The tested bottle is gradually relieved of its internal pressure by sequential connection to the air vessels 110, as its associated hose 31 is connected to the recesses 96,97. Immediately thereafter, the sealing head 21 is lifted from the tested bottle by the ascending ramp of the cam track 25, and the bottle 22, having passed tests for external and internal pressure, is discharged by the wheel 39 from the platform 13 to the discharge chute 40.

If a tested bottle is destroyed either by the axial pressure applied in the first testing station, or by internal air pressure at the second, third, or fourth station, the associated valve 41 is closed by the rubber cushion 46, but the throttling passage 62 66 dissipates the air pressure built up at each testing station before-the valve communicates with the next recess in the stationary valve part 75.

When a sealing head 21 not engaged by a complete bottle 22, engaged by a leaking bottle. or engaged by a bottle having a defective rim 59 so as not to form a tight seal, travels past the fourth testing station, its internal pressure drops so that a signal is generated by the gage 118, and is stored in the amplifier until the sealing head approaches the deflector 36. The electromagnetic actuator 121 then receives the amplified'signal and moves the deflector 36 into the path of the defective bottle or of the broken pieces of the defective bottle on the platform 13. The bottle or the glass pieces are swept into the chute 38 by the deflector which is held in the deflecting position by a holding circuit in the actuator 121, conventional and not shown in detail. The deflector thereafter is returned to its illustrated inoperative position by a non-illustrated return spring.

The complete testing cycle for a bottle in good condition consumes only an amount of air defined by the capacity of the bottle and the pressure of the testing gas at the second testing station, that is, 94 p.s.i.g. in the specific embodiment described. This amount of compressed gas is ultimately lost when the sealing head 21 is lifted from the tested bottle prior to discharge of the bottle from the carrier rotor 9. All other compressed gas employed during the test is recuperated by the bores 108, 102 through wich bottles already tested at higher internal pressure discharge their contents into bottles in which a testing pressure is being built up. The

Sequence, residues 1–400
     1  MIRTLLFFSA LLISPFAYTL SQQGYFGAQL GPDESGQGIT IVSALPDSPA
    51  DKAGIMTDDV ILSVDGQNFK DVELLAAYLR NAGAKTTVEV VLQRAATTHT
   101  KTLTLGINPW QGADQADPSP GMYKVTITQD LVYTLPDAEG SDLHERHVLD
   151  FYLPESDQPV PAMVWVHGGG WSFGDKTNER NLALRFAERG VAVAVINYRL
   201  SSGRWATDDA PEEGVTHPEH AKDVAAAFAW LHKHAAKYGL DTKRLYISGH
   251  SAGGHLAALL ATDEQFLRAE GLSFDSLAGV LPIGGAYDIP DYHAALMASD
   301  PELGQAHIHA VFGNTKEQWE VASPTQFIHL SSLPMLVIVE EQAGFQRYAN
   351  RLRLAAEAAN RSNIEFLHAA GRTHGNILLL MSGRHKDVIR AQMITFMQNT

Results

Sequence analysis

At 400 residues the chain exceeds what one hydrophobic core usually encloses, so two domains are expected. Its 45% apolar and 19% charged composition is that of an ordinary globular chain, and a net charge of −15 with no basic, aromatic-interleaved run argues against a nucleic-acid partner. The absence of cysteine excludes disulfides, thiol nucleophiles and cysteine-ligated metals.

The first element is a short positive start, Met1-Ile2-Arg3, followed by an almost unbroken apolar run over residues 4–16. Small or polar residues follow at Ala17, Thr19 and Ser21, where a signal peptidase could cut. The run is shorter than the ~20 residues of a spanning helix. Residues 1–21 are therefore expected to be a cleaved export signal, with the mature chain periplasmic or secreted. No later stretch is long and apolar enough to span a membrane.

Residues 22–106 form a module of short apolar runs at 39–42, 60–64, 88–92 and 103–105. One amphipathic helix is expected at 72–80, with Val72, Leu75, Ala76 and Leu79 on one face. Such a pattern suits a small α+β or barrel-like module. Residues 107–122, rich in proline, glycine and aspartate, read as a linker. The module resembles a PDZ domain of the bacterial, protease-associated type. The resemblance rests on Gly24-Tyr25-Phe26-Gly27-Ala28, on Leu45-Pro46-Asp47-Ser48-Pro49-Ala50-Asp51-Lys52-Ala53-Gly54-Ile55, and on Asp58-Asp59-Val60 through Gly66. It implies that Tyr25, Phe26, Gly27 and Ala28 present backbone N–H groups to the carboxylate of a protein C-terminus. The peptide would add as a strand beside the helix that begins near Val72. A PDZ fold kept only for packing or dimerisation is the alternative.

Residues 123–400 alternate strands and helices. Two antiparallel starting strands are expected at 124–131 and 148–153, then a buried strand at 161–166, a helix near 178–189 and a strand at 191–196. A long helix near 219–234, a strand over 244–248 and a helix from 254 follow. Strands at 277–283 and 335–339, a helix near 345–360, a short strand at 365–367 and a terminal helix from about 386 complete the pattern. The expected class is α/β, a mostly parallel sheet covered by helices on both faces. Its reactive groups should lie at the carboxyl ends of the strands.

air vessels 104, 110 receive air from the compressor 101 only for making up minor leakage losses if all bottles survive the tests. The loss of compressed gas from defective bottles is small, and is insignificant under practical conditions when only a very small percentage of the bottles is destroyed in the tests.

All operations, including testing for compression resistance under external axial stresses and testing for resistance to internal gas pressure, are controlled by the single distributor valve, and the shut-off valve 41 in each sealing head 21 serves the dual function of converting gas pressure into compressive stress applied to the tested bottles, and preventing excessive losses of compressed gas when a bottle fails, and also when no bottle is fed to a platform 13.

The apparatus is readily adjusted for bottles of different height by shifting the drum 26 on the spindles 27, and turning the rotor 9 through one revolution. If the drum 26 is raised to accomodate taller bottles, the shields 23 associated with sealing heads 21 in the upper or inoperative position cannot move upward because of their abutting engagement with the flange 11, and the sealing heads 21 are pulled upward relative to the shields against the frictional resistance offered by the beads 69 engaging the liner 74. The shields 23 associated with heads 21 initially in the lower or operative position are merely lifted from the platforms 13 during upward adjustment of the drum. During subsequent rotation of the rotor 9, the push rods 19 pull the shields into engagement with the flange 11 and further pull the sealing heads 21 upward relative to the shields until all sealing heads and shields are in the desired position in which the sealing heads 21 properly engage the bottles to be tested, and the shields 23 move between respective positions of abutment against the flange 11 and the brackets 12.